Many people consider dining out to be a luxury, but it needn’t be. Since we love fine cuisine as much as the next person, we came up with these ten dining tips to help you substantially reduce your check.
1. Put the drinks on hold.
Alcohol can double the bill for a two-person dinner, so say no to that $30 bottle of wine and stick to water. If you must indulge, pick a restaurant with a happy hour special, or order a bottle of wine for a group instead of a bunch of separate glasses. BYOB is always an option, but corkage fees can get expensive, so know what those are before you go.
2. Opt for appetizers.
Entrée prices are on the rise, as entrées averaging $10 rose 2.2 percent at mid-market U.S. dining chains from 2009 to 2010. Meanwhile, appetizer prices fell 2 percent. According to the National Restaurant Association’s 2010 Restaurant Industry Forecast, diners will keep trying to reduce costs by seeking value and expanded menu options in 2010, and restaurants are expected to deliver.
3. Don’t overtip.
You can download a useful iPhone tipping application, called Check Please to help with otherwise-uncomfortable tipping situations. It’s a useful way to combat the tipping tantrums that sometimes arise when groups dine together.
4. Buy restaurant gift certificates.
We like Restaurant.com, where $10 gets you a $25 voucher to a restaurant and $40 gets you one worth $100. Many restaurants set a minimum tab to use these vouchers, though, so read the fine print.
5. Have your steak and eat it, too.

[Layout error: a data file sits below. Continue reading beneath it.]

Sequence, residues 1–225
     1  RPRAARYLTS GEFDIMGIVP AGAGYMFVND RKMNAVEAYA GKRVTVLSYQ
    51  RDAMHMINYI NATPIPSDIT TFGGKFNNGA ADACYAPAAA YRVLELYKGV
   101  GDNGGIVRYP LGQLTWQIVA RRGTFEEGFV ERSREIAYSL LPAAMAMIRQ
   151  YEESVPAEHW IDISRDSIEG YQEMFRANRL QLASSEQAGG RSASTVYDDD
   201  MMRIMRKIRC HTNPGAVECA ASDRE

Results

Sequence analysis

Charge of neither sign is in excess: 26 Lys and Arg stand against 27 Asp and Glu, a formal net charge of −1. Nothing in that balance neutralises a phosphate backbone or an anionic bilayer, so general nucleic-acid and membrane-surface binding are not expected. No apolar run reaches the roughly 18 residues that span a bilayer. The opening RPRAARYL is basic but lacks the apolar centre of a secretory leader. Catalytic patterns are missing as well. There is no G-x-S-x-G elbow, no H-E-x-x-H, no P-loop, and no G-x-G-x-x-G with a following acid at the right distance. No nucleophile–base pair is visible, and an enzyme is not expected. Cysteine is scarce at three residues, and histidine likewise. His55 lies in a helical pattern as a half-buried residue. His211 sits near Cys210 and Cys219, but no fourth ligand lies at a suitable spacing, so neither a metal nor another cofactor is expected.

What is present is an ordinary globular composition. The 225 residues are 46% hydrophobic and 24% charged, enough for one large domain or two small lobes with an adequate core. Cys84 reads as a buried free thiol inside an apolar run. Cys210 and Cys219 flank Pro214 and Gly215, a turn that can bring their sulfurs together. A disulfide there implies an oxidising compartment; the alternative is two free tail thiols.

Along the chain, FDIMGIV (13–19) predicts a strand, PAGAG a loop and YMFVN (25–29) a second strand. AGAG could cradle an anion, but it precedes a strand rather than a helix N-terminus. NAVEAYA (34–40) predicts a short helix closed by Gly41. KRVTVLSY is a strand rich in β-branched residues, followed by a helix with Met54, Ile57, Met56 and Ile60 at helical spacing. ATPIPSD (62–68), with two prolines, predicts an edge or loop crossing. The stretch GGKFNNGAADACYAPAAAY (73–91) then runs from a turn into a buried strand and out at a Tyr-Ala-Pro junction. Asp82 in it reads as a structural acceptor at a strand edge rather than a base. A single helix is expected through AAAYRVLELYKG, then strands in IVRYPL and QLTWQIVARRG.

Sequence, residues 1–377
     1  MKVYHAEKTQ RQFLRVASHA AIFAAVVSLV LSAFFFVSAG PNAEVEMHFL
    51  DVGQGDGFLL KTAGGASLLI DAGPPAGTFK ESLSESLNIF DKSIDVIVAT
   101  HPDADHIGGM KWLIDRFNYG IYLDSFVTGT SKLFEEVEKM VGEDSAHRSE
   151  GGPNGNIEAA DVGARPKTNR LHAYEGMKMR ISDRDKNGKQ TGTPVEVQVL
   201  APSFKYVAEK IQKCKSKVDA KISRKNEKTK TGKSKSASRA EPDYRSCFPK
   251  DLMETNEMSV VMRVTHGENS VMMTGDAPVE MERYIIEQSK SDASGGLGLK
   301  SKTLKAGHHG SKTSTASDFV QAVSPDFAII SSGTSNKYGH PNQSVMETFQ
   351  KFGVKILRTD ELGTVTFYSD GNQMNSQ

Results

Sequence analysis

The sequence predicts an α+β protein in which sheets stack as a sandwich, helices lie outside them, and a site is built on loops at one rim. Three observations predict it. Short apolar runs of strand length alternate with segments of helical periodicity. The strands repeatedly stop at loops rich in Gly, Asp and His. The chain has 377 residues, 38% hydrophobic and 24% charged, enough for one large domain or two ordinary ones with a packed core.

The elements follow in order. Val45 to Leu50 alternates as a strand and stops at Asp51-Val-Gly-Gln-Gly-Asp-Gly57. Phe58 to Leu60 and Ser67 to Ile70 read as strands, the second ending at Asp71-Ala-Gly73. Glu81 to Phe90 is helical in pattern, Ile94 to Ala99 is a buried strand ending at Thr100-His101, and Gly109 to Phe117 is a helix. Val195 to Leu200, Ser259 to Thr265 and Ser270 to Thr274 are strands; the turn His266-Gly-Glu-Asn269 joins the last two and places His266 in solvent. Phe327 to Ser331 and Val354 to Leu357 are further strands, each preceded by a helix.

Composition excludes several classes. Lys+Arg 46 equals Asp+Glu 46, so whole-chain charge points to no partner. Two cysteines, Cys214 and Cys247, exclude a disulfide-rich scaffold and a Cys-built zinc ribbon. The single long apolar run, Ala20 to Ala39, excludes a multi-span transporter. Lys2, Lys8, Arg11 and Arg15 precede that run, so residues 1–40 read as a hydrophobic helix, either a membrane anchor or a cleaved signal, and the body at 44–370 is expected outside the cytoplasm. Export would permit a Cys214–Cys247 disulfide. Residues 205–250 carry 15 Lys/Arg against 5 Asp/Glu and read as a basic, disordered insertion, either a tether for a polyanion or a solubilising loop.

Steak can be pricey: Tender, succulent prime cuts such as rib eye can sell for upwards of $45 per plate at some of the high-end national chains like Smith & Wollensky Steakhouse. Hanger steak, however, is often cheaper at independent dining establishments. For example, at Marseille in New York, hanger steak is roughly $10 cheaper than a strip steak. Although hanger meat is tougher, it’s extremely flavorful; marinades can also make it more tender. According to specialty food magazine The Nibble, another cheaper option includes boneless blade steak, which runs roughly 57 percent less than New York strip steak. If you want to learn more, read up with this guide to different kinds of steak.
6. Brunch or lunch in lieu of dinner.
Go for a sumptuous brunch, which often includes drink specials (throw in a free mimosa or two, and you’ll be feeling great!). A report by market research firm NPD Group said that brunch traffic was up 8 percent during the first eight months of 2009, compared to the same period the year before. Because of the recession, restaurants will continue to refine their lunch menus. According to industry magazine Restaurants and Institutions, value-minded lunch menu options will be a major trend to watch in 2010.
7. Come out for restaurant week.
Roughly twenty-four cities host a Restaurant Week, so get in on the act. During Restaurant Week, diners enjoy steep discounts from local restaurants, usually in the form of fixed-price menus at otherwise top-scale venues.
8. Fix your prices.
Is a prix-fixe menu worth it outside of Restaurant Week? Often. For example, the $24 three-course, prix-fixe lunch at Tocqueville in New York costs roughly the same amount as a lunch entree (or less).
9. Eat like a local.
Try WhereTheLocalsEat to find coupons for local eateries. These coupons range from 50 percent off bottles of wine?often a savings of $10 to $15?to free dessert vouchers and other daily specials, which generally slice another $5 to $6 off the check.
10. Go retro.
Say hello again to pot roast and brisket. According to Restaurants and Institutions’ Menu Trends for 2010, old-fashioned comfort foods are making a comeback for value-minded customers, as some restaurants use lower-priced cuts of meat to save money.
Originally published on LearnVest